In the second part of this article (June-July), we’ll look at how heartworm is treated and prevented, and what steps you can take to protect your companion from infection.
Is Your Dog At Risk?
All dogs (and other animals) are at risk of developing heartworm infection. Since exposure to infected mosquitoes is necessary for infection to occur, dogs that spend more time outdoors are at increased risk. Also, because mosquito activity occurs as the temperature increases, there is often a seasonal trend to exposure and infection. As an example, it’s warm all year here in Texas (with occasional daily exceptions), so year-round heartworm prevention is important. In other areas of North America, the warm season is shorter and transmission is less likely to occur year round. Often, heartworm prevention is only needed during the warmer months or not at all, depending on heartworm populations in your area, and your veterinarian’s advise.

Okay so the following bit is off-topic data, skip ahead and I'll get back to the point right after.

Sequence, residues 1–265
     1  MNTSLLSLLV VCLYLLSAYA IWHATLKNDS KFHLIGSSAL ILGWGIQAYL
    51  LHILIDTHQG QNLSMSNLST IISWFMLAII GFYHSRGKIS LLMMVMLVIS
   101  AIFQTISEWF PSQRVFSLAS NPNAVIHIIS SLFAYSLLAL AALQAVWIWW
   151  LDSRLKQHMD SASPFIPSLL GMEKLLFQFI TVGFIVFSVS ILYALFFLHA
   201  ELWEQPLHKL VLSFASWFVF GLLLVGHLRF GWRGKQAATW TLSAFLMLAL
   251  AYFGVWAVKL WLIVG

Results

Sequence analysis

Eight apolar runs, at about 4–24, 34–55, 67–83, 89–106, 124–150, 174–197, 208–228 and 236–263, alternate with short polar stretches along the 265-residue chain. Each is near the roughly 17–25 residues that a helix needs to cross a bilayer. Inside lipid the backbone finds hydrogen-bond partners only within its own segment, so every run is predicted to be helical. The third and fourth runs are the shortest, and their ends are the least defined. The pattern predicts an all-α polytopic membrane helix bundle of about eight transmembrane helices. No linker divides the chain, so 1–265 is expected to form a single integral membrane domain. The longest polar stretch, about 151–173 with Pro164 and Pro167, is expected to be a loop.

Heartworm has been found in all 50 states, and across Canada, but some areas are much more prone to it than others. In the US, the prevalence of heartworm is highest in the southeast (including Texas east to Florida), and lowest in the Midwest. In Canada, heartworm is most prevalent in southern Ontario and the Winnipeg region of Manitoba. Wherever you live, it’s important to find out what the heartworm numbers are like in your region, so you and your veterinarian can decide if and/or when your dog needs preventative medication.